That's an admirable message for a son who's never going to be confused with the NFL's equivalent of "Tommy Boy." It's also important that the younger Hunt remember some of the most important lessons on leadership from his father's playbook. Though Lamar let general manager Carl Peterson be the face of the Chiefs for the last 20 years of the owner's life -- in much the same way Pioli is for Clark today -- Lamar also stayed grounded. He didn't like the word owner (he preferred to be known as the Chiefs' founder), kept his phone number listed, and was even known to personally sell advertising for his pro soccer team in Kansas City.
Clark doesn't have to go that far, but he could take some notes from his peers. Colts owner Jim Irsay spends more time on Twitter than a 14-year-old kid and is redefining how owners interact with fans. At first, he seemed attention-starved when he was firing off tweets about Manning's future, but there also was something cool about a wealthy man doing the same things as an average person. Just by exploiting the medium, Irsay was showing his peers a different way of doing business.
You have to think that Dallas Cowboys owner Jerry Jones, a natural salesman, might have been just as willing to go that route when he was boldly reinventing the franchise in the late 1980s and early 1990s. The same probably holds true for 79-year-old Pittsburgh Steelers owner Dan Rooney, a man who used to walk to home games when he was a wee bit younger. Hunt has openly said he'd like his franchise to mimic the steadiness that has been the Steelers' trademark. If Hunt revealed more of the same easy personality he displayed Tuesday, that would be a big boost to the organization, as well.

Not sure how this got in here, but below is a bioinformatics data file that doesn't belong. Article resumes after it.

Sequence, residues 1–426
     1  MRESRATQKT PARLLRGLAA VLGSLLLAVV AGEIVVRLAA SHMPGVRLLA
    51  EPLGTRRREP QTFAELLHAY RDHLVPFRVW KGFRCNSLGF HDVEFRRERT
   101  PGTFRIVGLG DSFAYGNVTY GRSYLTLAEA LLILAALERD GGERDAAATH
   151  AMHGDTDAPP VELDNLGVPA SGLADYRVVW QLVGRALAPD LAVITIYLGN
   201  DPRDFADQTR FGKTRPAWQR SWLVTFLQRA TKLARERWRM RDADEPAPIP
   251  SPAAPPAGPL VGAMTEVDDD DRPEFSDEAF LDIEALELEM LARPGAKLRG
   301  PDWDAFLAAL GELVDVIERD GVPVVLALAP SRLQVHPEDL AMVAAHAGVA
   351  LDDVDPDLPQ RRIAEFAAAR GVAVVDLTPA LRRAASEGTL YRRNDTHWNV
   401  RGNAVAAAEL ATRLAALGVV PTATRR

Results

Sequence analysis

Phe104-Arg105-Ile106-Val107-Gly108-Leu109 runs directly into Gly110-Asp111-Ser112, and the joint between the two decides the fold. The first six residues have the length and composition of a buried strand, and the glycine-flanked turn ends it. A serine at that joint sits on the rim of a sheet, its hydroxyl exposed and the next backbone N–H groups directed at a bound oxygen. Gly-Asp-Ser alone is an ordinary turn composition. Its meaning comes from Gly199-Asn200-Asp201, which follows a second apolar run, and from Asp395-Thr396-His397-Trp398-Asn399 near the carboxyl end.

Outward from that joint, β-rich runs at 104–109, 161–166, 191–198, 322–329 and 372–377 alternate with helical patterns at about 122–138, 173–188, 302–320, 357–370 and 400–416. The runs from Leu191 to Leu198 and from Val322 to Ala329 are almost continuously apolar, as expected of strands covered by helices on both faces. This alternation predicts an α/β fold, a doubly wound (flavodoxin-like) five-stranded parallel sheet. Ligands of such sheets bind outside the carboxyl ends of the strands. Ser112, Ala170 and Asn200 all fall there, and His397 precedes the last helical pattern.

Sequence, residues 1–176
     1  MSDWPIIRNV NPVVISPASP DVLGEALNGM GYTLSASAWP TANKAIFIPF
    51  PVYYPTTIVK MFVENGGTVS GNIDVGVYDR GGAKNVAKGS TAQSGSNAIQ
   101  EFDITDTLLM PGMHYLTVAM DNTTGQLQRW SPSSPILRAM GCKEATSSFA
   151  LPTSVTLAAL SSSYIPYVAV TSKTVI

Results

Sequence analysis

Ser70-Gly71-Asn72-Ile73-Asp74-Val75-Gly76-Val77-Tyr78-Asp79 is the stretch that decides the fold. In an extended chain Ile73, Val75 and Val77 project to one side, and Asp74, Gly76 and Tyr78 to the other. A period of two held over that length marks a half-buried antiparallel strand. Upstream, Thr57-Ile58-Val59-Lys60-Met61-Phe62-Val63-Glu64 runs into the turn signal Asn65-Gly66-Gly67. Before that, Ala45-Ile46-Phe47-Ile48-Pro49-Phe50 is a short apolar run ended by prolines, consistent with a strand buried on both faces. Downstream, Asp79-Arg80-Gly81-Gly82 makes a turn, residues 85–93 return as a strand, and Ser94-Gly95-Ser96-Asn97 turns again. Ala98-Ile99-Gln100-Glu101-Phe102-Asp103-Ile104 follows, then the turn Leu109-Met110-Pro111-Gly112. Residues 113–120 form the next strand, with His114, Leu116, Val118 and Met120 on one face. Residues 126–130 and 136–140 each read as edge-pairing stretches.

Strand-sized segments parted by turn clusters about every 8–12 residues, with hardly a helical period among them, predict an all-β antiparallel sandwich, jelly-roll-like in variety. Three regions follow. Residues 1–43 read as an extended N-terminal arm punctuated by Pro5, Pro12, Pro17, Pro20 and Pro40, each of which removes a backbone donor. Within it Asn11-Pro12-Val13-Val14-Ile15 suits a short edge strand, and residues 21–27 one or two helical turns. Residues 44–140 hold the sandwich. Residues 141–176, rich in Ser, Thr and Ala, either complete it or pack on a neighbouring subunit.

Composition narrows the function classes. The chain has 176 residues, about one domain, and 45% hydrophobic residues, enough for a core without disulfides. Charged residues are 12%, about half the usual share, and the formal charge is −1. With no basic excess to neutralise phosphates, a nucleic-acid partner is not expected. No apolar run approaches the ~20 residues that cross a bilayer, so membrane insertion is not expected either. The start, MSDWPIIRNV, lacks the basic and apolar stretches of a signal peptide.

Hunt spent most of the event talking about his appreciation for the fans and the city. One story he told related back to his childhood, when his father, a former college kicker, brought him into Arrowhead Stadium to teach the boy a few tips on kicking fundamentals. The best part of the story wasn't only that Lamar had invited future Hall of Fame kicker Jan Stenerud to join them. It was the way Clark beamed while recalling a memory that clearly was close to his heart.
Such moments do not happen if people only see you flying in from Dallas for games (Hunt lives in Texas) and chatting with owners at league meetings. They also don't happen if you aren't willing to step out of character and show a little authenticity. Like a savvy leader, Hunt took ample time to answer reporters' questions individually and give some sense of his vision for the team. "I want to win today and tomorrow," he said. "But I've also been around this business long enough to know you need patience."
What you also need is foresight, and Hunt revealed a little of that in downtown Kansas City. You saw the potential that has other owners thinking he could be one of the league's strongest voices in the future. You saw a man clearly trying to steer his team's image in a better direction. That same approach to selling himself helped his father build his legacy. If Hunt is visible enough, that's exactly how he can enhance his own.
Clark Hunt, the son of the Chiefs' legendary owner, can establish his own legacy by taking on a more visible role, Jeffri Chadiha writes.